“Bones Placed in Apposition”

My short story “Bones Placed in Apposition” is available in the Summer issue of Underland Arcana. It’s free to read online, or you can buy it as an ebook or softcover. Issue 7 also includes stories by Scott Edelman, W. T. Paterson, Ben Curl, Mike Robinson, Eric Witchey, D. Thea Baldrick, and Mattia Ravasi.

Cover of Underland Arcana Issue 7
Cover image by thanawong

Some years ago I spent a fair amount of time with the correspondence of nineteenth century scientists. Among them was Isaac Hays, an ophthalmologist who also had a strong interest in natural science, including the study of fossils. (This was not an uncommon hobby among a group of Philadelphia physicians categorized as “extremely quarrelsome” by scholar Keith Thomson.) Hays and G. W. Featherstonehaugh, an English geologist, found themselves on opposite sides of an argument about the classification of one particular set of fossils. Battles were fought in papers and lecture halls, late friends were defended and honor assailed.

Drawing of fragments of a mastodon skull, including tusks and notes indicating dimensions.
A Titian Peale illustration of the fossil in question, from John D. Godman’s “Description of a New Genus and New Species of Extinct Mammiferous Quadruped,” posthumously published in the Transactions of the American Philosophical Society in 1830.

If you appreciate passive-aggressive sniping—or, for that matter, aggressive sniping—then I really do recommend perusing the primary sources. I obviously find the entire controversy delightful; and, more seriously, it serves to illustrate some of the practical and philosophical issues involved with scientific study in the United States, as well as the country’s negotiation of its relationship with Europe. Nationalism intertwined with the interpretation of the past, invented species roaming a prehistorical landscape. The small fantastical aspect of my story is less a feat of imagination than conjuring an elephant from a few shards of bone.

“Used Armor Smell”

Today you can pick up a copy of Dread Space, an anthology of flash length dark military science fiction stories. My story “Used Armor Smell,” about armor more rugged than its wearer, is included.

Cover of Dread Space

When choosing pronouns for nonbinary characters in the past, I’ve defaulted to they/them. It’s a somewhat lazy decision: most nonbinary folks I know use they/them, and as a reader and writer I find they/them more transparent than other sets of pronouns. But in this case, I decided to use Spivak pronouns. Partially, it’s about variety in my writing; on general principles, I should be employing different pronoun sets (including this one, which has been in use for decades). But here, it also serves the story.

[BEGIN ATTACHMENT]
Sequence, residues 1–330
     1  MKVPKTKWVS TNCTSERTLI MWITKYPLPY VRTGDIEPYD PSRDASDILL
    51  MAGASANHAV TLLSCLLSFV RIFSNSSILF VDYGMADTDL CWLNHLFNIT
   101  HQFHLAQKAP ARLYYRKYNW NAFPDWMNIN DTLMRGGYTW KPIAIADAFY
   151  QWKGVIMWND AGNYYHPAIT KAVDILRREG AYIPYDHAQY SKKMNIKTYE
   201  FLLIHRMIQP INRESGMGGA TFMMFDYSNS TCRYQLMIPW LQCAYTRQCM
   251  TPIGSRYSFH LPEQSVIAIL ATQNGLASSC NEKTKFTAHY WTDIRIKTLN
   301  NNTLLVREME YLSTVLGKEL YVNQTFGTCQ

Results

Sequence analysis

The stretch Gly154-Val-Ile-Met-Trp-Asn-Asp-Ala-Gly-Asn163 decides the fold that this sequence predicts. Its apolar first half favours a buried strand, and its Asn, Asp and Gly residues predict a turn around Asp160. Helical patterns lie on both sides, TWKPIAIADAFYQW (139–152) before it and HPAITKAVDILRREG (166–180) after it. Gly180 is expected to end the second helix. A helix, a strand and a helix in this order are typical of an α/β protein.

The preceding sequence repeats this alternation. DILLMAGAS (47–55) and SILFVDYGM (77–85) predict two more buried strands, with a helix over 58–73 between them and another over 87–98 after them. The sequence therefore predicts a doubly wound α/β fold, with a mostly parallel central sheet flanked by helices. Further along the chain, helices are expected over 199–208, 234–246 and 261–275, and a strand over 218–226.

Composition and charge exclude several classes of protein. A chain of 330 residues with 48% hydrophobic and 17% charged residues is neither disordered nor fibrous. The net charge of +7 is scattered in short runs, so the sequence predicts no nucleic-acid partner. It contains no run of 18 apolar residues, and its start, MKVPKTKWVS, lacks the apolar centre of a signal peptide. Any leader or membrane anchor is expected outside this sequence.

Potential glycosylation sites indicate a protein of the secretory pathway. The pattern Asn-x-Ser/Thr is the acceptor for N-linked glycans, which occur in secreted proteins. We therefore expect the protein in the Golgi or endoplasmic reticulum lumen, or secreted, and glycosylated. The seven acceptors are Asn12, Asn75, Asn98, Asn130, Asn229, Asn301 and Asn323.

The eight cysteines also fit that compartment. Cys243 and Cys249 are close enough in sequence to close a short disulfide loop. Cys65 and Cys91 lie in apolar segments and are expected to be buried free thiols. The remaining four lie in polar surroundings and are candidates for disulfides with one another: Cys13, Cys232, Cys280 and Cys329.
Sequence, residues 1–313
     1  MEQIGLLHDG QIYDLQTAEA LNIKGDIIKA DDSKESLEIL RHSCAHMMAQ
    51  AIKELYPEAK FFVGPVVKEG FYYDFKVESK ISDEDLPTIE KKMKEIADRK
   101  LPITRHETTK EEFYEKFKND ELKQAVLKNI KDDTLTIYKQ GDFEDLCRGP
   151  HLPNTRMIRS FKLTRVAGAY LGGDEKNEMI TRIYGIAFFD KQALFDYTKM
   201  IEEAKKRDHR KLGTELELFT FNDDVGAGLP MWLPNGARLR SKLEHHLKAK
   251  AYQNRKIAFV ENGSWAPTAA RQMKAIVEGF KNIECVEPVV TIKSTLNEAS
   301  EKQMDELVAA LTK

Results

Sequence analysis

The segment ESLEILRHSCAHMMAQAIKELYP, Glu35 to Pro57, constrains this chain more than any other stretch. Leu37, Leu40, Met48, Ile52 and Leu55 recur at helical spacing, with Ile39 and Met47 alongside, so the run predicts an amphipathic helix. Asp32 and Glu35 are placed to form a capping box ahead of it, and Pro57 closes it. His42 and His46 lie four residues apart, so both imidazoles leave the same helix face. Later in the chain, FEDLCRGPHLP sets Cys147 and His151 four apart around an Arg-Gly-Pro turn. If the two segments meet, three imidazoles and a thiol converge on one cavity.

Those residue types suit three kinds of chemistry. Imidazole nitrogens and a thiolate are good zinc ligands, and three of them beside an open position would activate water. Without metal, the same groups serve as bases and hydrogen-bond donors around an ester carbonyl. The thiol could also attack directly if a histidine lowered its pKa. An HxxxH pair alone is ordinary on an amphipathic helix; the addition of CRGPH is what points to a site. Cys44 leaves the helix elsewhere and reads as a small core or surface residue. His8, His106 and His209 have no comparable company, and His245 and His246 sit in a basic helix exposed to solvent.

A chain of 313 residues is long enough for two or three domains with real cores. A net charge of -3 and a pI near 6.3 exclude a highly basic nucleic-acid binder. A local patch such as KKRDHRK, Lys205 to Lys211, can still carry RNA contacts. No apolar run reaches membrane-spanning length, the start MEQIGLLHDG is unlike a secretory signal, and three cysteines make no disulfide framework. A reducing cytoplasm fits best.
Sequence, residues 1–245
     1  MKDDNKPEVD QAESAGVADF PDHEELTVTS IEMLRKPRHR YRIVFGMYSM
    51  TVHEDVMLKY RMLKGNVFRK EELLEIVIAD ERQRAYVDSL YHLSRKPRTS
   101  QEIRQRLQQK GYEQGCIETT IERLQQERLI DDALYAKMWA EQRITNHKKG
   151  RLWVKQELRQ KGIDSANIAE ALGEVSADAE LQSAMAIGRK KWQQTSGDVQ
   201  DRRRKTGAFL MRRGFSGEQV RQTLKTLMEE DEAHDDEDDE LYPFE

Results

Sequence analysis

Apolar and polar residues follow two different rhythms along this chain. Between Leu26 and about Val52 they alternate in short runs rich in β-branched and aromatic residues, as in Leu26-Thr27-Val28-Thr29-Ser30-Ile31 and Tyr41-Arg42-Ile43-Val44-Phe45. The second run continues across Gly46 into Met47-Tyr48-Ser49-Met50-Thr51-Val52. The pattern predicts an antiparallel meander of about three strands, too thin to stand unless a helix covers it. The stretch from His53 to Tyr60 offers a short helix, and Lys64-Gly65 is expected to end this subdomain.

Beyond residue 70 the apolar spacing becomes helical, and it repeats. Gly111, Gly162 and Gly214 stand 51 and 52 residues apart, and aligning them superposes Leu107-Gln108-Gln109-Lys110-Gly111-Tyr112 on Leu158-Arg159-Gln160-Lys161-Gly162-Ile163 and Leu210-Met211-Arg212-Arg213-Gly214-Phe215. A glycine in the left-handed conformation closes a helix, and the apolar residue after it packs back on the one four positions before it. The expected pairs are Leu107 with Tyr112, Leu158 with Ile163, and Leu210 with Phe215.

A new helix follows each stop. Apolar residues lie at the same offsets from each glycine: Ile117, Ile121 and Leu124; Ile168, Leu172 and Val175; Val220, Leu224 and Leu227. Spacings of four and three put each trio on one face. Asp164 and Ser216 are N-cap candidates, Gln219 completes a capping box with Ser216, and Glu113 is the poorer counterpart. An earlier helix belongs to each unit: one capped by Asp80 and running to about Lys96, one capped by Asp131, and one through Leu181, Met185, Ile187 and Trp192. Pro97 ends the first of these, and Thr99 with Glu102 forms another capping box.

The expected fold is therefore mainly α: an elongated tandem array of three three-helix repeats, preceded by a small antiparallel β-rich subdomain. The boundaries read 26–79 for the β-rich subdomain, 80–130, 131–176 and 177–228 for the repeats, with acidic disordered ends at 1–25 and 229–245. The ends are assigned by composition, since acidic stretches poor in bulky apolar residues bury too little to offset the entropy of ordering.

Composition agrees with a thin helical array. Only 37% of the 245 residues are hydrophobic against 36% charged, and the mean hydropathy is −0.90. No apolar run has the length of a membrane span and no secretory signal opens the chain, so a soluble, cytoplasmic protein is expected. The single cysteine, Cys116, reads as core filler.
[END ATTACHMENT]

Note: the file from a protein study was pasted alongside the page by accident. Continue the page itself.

My point-of-view character’s gender is completely irrelevant. However, this was a case where I specifically wanted to avoid “they.” Yes, singular they is in widespread use and has a long history as part of the English language. But sentient machines are common in science fiction, as is the merging of human and machine consciousnesses. I quite enjoy those explorations of sentience, but in this case I wanted to make it very explicit that the human is a human and the machine is a machine, a tool of humans, not an artificial intelligence.

Clarion Write-a-Thon

I’m participating in this year’s write-a-thon to support the Clarion Writers’ Workshop at UC San Diego.

Clarion Write-a-Thon badgeI am not a Clarion alum, nor have I ever considered applying. A weeks-long, intensive workshop has never been logistically feasible for me (never mind the financial expense). And frankly, I’m not sure if I’d find the environment anxiety-inducing or creatively inspiring. I very specifically eschewed creative writing classes in college (though that was also influenced by wanting to write SF/F and guessing that there might be an unpleasant bias against genre). So in short, I’ve never had a strong desire to figure out how to vault over the barriers to workshop participation.

But! Some people absolutely thrive in this type of workshop environment. I like it when people are creatively fulfilled! I like reading what they write! And I especially like it when marginalized people are able to participate in creatively fulfilling activities. Lowering barriers is a good thing.

This year, the Ghost Class gets to attend, after repeated delays due to the pandemic. (Which is still ongoing, though large swaths of the population choose to deny it.) People finding safe ways to get back to normalish activities is something to celebrate.

So I’m going to use the write-a-thon as a reason to get my butt in the chair and produce some words. If you want to donate or sponsor an author, me or someone else, it will help enable other authors to add an intensive workshop to their creative journey.

“On the Beach”

My short tale of grief, climate change, and selkies is live on the Wyldblood website. I’ve always liked the idea of a selkie (or similar fae creature) hitting the spousal jackpot; but it’s hard to be completely optimistic in the current (literal and figurative) climate.

Martian: Year One

Martian: Year One is an anthology collecting all the drabbles from Martian Magazine‘s first year. I’m pleased that two of my stories—“Honey and Apples” and “Tethered, In Darkness”—are included.

Cover spread for the print edition of Martian: Year One

Buying the anthology is a great way to support the magazine, so if you like very short stories (and a robust short fiction market), please consider picking up a copy.

Available today: Martian Issue 4

Not a joke! The fourth issue of Martian: A Magazine of Science Fiction Drabbles is available from Amazon. This is the first chronological appearance of my 100 word story “Tethered, In Darkness,” which will also be in the annual anthology and on the Martian website in May.

Cover of Martian Issue 4

I’m a big fan of the cover images chosen by editor Eric Fomley—to say nothing of the stories within. It makes for a very slick package I’m pleased to join.

Underland Arcana: Deck One

This reprint anthology was a December release, but it’s still worth crowing about. The book collects all the stories published in the first year of Underland Arcana. My contributions—the short story “Wayfinding” and the flash “Family Dinner”—are in excellent company.